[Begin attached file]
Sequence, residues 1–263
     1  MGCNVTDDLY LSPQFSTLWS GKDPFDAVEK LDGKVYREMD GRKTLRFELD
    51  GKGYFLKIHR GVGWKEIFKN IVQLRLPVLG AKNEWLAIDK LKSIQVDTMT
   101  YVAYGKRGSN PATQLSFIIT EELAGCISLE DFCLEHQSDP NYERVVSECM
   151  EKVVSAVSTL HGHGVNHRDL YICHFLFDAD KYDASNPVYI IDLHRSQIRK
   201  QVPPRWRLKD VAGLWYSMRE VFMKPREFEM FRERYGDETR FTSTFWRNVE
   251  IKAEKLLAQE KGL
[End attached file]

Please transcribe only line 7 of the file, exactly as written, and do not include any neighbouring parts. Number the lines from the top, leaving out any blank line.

   251  IKAEKLLAQE KGL